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Tech Digest Vol.35 Num.4 Cover

Looking Ahead: APL at 100
Volume 35, Number 4 (2021)

In recognition of APL’s Centennial Vision, this special issue looks toward 2042. Our world is rapidly changing in many dimensions, bringing emerging global challenges, such as climate change; increased individual access to technologies once accessible only by nation states; new states of matter and new phenomena; increased commercially funded research worldwide; commercial space exploration ventures; espionage and cyberattacks with increased sophistication and proliferation; increasingly autonomous health care leading to more medical research breakthroughs; and increasingly AI-driven weapons being developed by nation states. There has never been a greater need for creative and persistent innovations to highlight this country’s preeminence. In the face of these challenges, APL is finding new ways to explore, create, and collaborate to conceive revolutionary concepts and to persistently move them forward. The articles in this issue offer a glimpse into exciting pursuits that could lead to the Lab’s future defining innovations.

Letter from the Director

Ralph D. Semmel

Creating Defining Innovations—Great Ideas Overcoming Inertia: Guest Editor’s Introduction

Jerry A. Krill

The Johns Hopkins University Applied Physics Laboratory (APL) has embarked on a decade-long strategic effort to enhance its level of innovation in an increasingly turbulent world. These initiatives and associated critical contributions reflect a vibrant organization that can look to its future with excitement. Through these pursuits, APL staff members have learned that just having great ideas is not enough. Good ideas are almost never immediately appreciated; persistence is needed to implement those innovative ideas in the face of inertia to maintain the status quo. This article first reviews APL’s efforts to overcome inertia in achieving some of its defining innovations. It recalls the persistence and deep expertise that APL has pursued to establish these inflection points in history. It then introduces the variety of articles in this special issue looking toward APL at its centennial in 2042. The expectation is that the breakthroughs these articles describe represent the Lab’s future defining innovations.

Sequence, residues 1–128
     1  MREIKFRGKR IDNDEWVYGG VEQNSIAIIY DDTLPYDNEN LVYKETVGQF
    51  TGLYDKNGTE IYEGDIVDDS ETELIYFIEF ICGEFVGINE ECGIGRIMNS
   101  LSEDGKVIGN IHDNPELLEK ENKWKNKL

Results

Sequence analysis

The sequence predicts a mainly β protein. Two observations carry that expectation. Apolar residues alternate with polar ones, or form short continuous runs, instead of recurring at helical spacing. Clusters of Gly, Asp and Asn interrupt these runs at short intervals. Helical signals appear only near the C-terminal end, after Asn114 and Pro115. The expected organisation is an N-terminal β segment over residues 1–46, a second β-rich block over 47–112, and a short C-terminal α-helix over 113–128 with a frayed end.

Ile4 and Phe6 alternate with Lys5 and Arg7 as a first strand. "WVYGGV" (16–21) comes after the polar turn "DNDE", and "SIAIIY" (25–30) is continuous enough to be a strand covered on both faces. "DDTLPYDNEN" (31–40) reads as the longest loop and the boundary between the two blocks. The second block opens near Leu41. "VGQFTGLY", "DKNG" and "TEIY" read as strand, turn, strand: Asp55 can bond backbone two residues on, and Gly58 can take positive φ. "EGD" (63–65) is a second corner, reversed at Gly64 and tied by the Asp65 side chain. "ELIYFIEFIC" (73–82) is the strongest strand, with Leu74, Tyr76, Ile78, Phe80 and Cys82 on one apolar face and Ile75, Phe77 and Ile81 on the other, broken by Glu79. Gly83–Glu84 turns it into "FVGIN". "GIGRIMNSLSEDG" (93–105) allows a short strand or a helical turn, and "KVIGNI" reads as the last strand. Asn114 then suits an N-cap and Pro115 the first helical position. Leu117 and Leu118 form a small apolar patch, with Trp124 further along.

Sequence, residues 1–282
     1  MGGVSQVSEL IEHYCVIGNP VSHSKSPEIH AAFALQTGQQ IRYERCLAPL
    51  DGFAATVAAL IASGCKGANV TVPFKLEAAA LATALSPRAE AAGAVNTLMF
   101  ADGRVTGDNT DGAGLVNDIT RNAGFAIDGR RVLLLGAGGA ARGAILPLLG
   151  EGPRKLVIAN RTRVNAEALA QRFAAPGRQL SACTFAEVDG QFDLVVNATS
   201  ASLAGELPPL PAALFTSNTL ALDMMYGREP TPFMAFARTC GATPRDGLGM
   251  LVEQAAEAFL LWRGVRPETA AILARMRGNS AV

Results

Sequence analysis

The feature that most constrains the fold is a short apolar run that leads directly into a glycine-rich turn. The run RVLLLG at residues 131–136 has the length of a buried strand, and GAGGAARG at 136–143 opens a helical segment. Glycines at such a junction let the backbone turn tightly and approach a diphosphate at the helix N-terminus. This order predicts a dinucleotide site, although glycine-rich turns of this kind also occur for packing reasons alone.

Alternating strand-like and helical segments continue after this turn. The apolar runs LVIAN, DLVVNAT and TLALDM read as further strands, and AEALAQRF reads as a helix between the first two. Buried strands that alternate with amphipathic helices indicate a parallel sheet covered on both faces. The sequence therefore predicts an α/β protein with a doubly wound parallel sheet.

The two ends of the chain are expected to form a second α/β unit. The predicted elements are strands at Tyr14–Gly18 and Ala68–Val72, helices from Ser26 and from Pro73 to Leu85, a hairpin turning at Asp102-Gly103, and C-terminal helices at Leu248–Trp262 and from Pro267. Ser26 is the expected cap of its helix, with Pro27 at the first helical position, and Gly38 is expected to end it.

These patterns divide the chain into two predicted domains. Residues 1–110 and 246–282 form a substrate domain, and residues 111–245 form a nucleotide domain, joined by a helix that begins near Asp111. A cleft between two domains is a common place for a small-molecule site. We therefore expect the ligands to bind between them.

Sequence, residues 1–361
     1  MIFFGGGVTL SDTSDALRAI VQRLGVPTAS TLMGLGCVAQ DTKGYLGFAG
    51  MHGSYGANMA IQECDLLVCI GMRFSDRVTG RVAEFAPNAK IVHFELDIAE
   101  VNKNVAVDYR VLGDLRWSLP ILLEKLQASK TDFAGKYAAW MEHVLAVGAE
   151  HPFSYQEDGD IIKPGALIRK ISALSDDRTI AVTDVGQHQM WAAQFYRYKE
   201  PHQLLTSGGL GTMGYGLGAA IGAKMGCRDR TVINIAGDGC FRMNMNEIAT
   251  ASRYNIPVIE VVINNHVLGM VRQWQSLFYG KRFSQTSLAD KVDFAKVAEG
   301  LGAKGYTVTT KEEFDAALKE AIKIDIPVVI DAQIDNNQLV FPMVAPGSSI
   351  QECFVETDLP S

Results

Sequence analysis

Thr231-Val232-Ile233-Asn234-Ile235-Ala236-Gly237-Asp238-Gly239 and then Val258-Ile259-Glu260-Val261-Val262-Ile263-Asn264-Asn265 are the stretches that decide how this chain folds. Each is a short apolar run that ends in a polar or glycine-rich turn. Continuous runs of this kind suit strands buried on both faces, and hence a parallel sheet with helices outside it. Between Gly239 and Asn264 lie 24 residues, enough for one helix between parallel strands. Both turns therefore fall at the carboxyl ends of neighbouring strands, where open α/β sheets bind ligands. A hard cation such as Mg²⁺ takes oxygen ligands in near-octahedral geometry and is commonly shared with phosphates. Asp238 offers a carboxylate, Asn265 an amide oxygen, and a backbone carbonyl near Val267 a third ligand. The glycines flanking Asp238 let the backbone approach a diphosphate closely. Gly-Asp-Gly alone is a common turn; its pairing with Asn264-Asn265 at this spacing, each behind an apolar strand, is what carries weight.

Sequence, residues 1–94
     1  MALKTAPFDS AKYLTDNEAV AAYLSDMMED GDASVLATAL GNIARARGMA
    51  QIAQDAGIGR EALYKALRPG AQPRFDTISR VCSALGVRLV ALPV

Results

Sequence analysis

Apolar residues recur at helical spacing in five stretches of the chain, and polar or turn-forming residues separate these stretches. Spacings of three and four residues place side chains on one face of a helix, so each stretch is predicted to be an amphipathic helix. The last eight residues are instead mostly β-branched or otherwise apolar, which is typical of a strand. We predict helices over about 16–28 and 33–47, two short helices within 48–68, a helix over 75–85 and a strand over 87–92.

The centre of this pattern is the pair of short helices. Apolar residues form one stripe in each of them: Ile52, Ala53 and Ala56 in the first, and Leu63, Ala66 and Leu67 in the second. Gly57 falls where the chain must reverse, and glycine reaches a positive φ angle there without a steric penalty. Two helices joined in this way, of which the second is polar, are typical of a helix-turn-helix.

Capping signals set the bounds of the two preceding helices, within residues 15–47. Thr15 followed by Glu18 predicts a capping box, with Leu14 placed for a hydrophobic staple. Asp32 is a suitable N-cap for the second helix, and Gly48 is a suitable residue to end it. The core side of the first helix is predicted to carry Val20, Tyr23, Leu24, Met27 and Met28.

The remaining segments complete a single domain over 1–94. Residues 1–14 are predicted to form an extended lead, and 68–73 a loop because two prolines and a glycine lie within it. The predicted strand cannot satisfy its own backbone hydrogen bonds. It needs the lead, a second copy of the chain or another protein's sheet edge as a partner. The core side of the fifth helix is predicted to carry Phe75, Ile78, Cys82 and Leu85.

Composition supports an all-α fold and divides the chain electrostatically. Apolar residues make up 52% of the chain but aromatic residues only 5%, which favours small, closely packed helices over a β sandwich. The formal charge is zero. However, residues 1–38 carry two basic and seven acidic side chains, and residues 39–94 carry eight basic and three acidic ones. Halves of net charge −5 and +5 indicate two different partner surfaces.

Optical Noninvasive Brain–Computer Interface Development: Challenges and Opportunities

Clara A. Scholl, Eyal Bar-Kochba, Michael J. Fitch, Austen T. Lefebvre, Scott M. Hendrickson, Rohan Mathur, Marek A. Mirski, Nicole E. Steiner, Carissa L. Rodriguez, Jeremiah J. Wathen, and David W. Blodgett

The Defense Advanced Research Projects Agency’s Revolutionizing Prosthetics program demonstrated the potential for neural interface technologies, enabling patients to control and feel a prosthetic arm and hand, and even pilot an aircraft in simulation. These landmark achievements required invasive, chronically implanted penetrating electrode arrays, which are fundamentally incompatible with applications for the able-bodied warfighter or for long-term clinical applications. Noninvasive neural recording approaches have not been as effective, suffering from severe limitations in temporal and spatial resolution, signal-to-noise ratio, depth penetration, portability, and cost. To help close these gaps, researchers at the Johns Hopkins University Applied Physics Laboratory (APL) are exploring optical techniques that record correlates of neural activity through either hemodynamic signatures or neural tissue motion as represented by the fast optical signal. Although these two signatures differ in terms of spatiotemporal resolution and depth at which the neural activity is recorded, they provide a path to realizing a portable, low-cost, high-performance brain–computer interface. If successful, this work will help usher in a new era of computing at the speed of thought.

Big Data, Artificial Intelligence, and the Promise of Precision Medicine: A Johns Hopkins Collaboration to Develop the Precision Medicine Analytics Platform

Alan D. Ravitz